Casual Employment

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Casual Employment

Introduction
Election promises from Labor and liberals 2004
2004 is an election year in Australia and one of the issues that the parties have diverse election promises on is to which extent employers should be authorized to use casual workers, and what rights the casual workforce should be entitled to.

Casual workers play a central part in the Australian labor market as it is the fastest growing form of employment. Next to Spain, Australia has the second largest casual workforce in the world (Munn, 2004), with an ongoing apparent trend towards additional increase. In a research note done by the Department of Parliamentary Services, it is stated that in 2003 that over a quarter of all wage and salary earnings were employed on a casual basis, and that since 1988 more then half of all new jobs created have gone to casual workers (Kryger, 2003-04). This leads to an open debate whether or not government intervention should be used to improve job security for the growing number of casual workers.

The Australian Labour Party (ALP) states; if they are to receive power, they will encourage the Industrial Relations Commission (IRC) to give long-term regular employed casual workers the right to become permanent employed if the they expresses desire for it. This means that ALP wants additional permanent employees and less casual workers (Gartrell, 2004). While The Liberal Party of Australia (LPA) conversely has a devotion to enhancing labor market flexibility and believes that the ALP propose would hurt the economy to much. This will imply more casualisation of the workforce (Loughhane, 2004).

Casual employees
There is no standard definition of a casual worker, but one prevalent perception is that a casual employee is someone in a job that is "short term, irregular and uncertain". Several employers regard a casual employee to be a member of staff who is paid a higher hourly rate than a full or part-time permanent employee, and they think that this rate compensates for the lack of paid leave and other entitlements (Wageline, 2004). However, hourly rate does not define casuals.

Informal recruits should have no expectations of ongoing work, and are free to refuse to work at any time due to other commitments (Wageline, 2004). They normally have no entitlements to superannuation, annual, long service, parental or sick leave and little or no industrial protection or security (Munn, 2004), which means that they can be retrenched without a preceding warning (Munn, 2004).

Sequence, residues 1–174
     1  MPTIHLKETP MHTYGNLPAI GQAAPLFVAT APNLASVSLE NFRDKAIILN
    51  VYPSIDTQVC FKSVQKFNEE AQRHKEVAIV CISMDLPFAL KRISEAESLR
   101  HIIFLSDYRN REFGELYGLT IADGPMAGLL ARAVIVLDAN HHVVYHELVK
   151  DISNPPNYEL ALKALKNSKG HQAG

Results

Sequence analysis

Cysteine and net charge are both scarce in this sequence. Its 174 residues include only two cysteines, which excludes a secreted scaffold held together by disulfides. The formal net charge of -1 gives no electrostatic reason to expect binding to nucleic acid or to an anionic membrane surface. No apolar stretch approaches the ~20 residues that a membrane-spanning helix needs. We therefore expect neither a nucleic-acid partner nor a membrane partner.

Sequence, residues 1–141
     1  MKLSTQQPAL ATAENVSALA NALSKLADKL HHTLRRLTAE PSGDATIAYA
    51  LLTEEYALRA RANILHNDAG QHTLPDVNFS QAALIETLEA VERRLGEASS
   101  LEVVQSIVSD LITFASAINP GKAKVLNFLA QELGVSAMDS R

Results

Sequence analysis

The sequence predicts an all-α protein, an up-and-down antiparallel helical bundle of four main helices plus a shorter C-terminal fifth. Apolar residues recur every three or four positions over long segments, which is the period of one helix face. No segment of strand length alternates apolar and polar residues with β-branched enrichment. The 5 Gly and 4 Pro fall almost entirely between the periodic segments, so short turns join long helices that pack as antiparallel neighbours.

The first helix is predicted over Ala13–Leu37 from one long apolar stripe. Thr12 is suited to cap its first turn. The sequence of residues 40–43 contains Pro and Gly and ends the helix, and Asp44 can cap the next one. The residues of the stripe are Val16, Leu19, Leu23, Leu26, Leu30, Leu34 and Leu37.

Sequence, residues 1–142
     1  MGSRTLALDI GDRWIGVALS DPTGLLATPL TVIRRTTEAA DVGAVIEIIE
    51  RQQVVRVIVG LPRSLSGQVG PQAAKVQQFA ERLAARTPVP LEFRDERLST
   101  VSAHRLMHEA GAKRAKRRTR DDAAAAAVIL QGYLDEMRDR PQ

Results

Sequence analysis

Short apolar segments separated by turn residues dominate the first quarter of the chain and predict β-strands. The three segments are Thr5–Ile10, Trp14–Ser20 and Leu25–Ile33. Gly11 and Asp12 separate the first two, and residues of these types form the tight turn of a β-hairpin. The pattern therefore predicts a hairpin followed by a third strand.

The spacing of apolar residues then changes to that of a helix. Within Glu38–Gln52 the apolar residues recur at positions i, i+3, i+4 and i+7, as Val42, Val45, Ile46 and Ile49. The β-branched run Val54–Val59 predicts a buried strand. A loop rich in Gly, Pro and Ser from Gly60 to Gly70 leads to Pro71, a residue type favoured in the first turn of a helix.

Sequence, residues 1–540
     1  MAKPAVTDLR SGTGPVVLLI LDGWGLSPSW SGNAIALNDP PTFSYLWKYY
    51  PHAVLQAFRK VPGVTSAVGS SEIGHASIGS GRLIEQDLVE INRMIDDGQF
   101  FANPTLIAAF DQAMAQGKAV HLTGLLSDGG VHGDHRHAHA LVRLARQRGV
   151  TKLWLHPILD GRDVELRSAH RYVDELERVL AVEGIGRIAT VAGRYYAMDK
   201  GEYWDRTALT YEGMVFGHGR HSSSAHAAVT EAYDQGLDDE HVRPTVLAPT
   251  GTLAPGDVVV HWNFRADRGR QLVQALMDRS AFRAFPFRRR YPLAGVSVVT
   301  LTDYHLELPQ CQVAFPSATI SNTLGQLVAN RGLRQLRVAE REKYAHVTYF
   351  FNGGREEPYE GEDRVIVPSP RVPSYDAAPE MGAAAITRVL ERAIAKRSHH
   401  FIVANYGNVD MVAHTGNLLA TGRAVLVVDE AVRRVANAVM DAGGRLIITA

The Department of Consumer and Employment Protection defines casual workers as employees that are working for short periods of time on an irregular basis with their actual hours varying from week to week, paid by the hours and without getting annual or sick leave. They don't have stable preliminary or concluding schedules, or average hours of work, but are generally contacted on a regular basis and asked to work, without ever knowing exactly when they are required (Wageline, 2004).

Trends
According to ANZ's economic update in May 2004, the number of casual workers has increased steadily over the past 15 years (Munn, 2004), however there is a considerable downfall in the rate off growth of casual positions. Rising from 19 per cent of all wages and salary earners in 1988 to 26 per cent in 1996 (Kryger, 2003-04), and then only a further 2% by 2003, making it a 28 per cent increase in total (Kryger, 2003-04).

Most casual employees are concentrated in a small number of occupations (Munn, 2004), and according to ANZ; the retail trade is the main employer of all casuals, with 44.2% of all employment in the industry being informal (Munn, 2004). Chris Munn from ANZ states that; ‘The growth in the property and business services has seen this industry become the next most significant employer of casuals, with 30.3% of all employment in the industry being casual' (Munn, 2004).

While casuals previously have been associated with young...
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